Apparently, Brin first wrote a full outline of the idea here: http://ieet.org/index.php/IEET/more/brin20111217 More recently: http://www.newscientist.com/article/mg21528735.700-artificial-intelligence-to-sniff-out-bankers-scams.html The New Scientist link is from Brin's (excellent) blog, http://davidbrin.blogspot.com/2012/07/bulletins-from-transparency-front.html?showComment=1342734425933#c5447006304917530539

Comment author: [deleted] 12 November 2012 11:27:26AM 2 points [-]

Upvoted for the large number of interesting links.

Comment author: ialdabaoth 11 November 2012 11:41:20PM 2 points [-]

Regarding "making money" / "accumulating wealth": Why is wealth in my hands preferable to wealth in someone else's hands?

Comment author: Pablo_Stafforini 11 November 2012 11:54:48PM 14 points [-]

Because it's extremely unlikely that a random person will be at least as concerned with existential risk as you are.

Comment author: ialdabaoth 12 November 2012 01:07:21AM 5 points [-]

But why is it likely that I'll be better at doing anything about it? Just because I try to be rational, doesn't mean I'm any good at it - especially at something where we have no idea what the correct actions are. How do I know that my efforts will even have a positive dot-product with the "do the right thing" vector?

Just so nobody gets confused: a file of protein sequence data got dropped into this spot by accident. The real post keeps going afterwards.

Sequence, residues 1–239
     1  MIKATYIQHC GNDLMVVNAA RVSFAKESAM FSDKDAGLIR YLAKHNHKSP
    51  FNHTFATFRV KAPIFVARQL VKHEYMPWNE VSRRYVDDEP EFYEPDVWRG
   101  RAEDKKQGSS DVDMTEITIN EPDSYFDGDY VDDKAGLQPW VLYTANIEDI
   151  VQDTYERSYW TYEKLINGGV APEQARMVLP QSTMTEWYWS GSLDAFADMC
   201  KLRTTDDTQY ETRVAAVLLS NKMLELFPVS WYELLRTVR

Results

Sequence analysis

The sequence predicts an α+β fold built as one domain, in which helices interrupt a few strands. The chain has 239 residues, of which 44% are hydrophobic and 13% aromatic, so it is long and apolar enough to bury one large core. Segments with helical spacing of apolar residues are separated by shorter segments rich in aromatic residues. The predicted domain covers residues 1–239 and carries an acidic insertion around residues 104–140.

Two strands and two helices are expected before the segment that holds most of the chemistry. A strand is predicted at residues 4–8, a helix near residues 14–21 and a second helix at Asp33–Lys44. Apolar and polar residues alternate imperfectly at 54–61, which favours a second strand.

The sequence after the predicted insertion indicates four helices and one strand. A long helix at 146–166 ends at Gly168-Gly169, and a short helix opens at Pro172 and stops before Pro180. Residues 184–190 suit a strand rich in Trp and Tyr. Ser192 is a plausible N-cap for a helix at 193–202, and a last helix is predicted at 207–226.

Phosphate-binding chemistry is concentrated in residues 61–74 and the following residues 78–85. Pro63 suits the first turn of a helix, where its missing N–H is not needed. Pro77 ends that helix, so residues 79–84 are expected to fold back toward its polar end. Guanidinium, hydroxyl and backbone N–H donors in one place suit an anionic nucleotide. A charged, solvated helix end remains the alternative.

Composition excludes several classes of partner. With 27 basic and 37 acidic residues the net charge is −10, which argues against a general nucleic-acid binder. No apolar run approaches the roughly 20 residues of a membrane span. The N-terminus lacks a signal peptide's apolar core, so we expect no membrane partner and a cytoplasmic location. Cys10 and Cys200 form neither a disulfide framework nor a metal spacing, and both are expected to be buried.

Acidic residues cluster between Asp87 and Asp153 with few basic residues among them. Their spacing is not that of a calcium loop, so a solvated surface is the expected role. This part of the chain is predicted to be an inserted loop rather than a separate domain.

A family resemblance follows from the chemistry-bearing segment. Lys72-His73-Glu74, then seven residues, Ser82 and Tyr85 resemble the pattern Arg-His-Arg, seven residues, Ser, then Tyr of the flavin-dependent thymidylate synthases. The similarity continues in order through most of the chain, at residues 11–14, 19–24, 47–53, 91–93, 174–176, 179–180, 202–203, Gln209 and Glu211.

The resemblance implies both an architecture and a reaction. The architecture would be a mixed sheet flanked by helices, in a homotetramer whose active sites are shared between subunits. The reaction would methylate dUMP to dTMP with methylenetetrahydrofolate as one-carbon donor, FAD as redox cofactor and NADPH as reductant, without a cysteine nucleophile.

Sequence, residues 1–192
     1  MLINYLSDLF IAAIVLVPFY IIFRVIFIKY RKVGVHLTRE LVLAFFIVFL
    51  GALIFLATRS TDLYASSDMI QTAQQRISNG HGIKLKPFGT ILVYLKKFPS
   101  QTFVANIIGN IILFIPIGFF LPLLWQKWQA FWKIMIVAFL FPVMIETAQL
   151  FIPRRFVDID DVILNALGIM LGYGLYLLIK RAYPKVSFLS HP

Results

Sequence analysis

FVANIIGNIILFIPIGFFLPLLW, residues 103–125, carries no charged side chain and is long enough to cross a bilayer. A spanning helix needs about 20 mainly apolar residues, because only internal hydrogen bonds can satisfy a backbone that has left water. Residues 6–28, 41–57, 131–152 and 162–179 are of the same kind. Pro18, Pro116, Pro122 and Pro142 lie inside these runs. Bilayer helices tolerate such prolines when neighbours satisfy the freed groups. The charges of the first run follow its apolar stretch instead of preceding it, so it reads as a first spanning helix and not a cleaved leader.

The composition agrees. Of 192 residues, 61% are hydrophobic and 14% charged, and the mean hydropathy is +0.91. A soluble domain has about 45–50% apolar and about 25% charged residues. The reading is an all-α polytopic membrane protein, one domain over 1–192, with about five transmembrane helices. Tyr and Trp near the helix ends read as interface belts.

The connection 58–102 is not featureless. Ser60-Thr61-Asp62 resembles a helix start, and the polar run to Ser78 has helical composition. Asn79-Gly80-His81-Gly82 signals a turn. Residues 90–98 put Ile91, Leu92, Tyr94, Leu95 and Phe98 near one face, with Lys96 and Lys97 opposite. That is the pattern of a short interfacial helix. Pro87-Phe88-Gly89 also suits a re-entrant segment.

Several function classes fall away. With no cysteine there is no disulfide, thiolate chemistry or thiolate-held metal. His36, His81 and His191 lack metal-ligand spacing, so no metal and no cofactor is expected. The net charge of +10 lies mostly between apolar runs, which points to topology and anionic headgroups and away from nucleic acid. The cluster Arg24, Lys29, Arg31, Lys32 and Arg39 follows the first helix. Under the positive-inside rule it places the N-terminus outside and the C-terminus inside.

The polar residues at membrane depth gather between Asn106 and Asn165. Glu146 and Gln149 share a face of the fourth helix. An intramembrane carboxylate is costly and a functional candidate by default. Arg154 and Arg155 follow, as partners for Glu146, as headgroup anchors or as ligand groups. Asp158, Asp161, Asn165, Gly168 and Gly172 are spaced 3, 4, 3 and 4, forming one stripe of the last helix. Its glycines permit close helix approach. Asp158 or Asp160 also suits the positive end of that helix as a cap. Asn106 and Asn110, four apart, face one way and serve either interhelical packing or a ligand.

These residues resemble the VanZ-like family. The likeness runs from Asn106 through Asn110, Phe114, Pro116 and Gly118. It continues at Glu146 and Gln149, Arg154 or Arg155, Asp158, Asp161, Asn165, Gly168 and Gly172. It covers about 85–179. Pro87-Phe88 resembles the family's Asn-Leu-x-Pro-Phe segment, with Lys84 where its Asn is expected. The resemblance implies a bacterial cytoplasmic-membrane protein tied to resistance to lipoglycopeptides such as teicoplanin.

Comment author: Kaj_Sotala 12 November 2012 10:31:05AM 7 points [-]

The average person has zero interest in fighting existential risk. It's very easy to do better than average, if the average is zero. Even if you've only spent fifty hours (say) familiarizing yourself with the topic, that's already much better than most.

Comment author: [deleted] 12 November 2012 11:32:02AM *  1 point [-]

The average person has zero interest in fighting existential risk.

This strikes me as, ahem, an inflationary use of the term zero. Try negligible instead. :-)

EDIT: Turns out it was an inflationary use of the term average instead. :-) Retracted.

Comment author: Kaj_Sotala 12 November 2012 12:16:27PM 1 point [-]

Well, if we measure interest by what they actually do, then I hold by the "zero".

Comment author: [deleted] 12 November 2012 12:57:30PM *  5 points [-]

EY's interest in fighting existential risks is strictly greater than 0 as far as I can tell; is someone else cancelling that out in the average? (Or by average did you actually mean 'median'?) The number of arms the average human has is strictly less than 2.

Comment author: Kaj_Sotala 12 November 2012 02:18:26PM *  5 points [-]

I meant median.

Comment author: Giles 12 November 2012 01:57:10AM 0 points [-]

Do you feel the odds improve if you choose "become stronger" first?

Comment author: ialdabaoth 12 November 2012 02:31:51AM 2 points [-]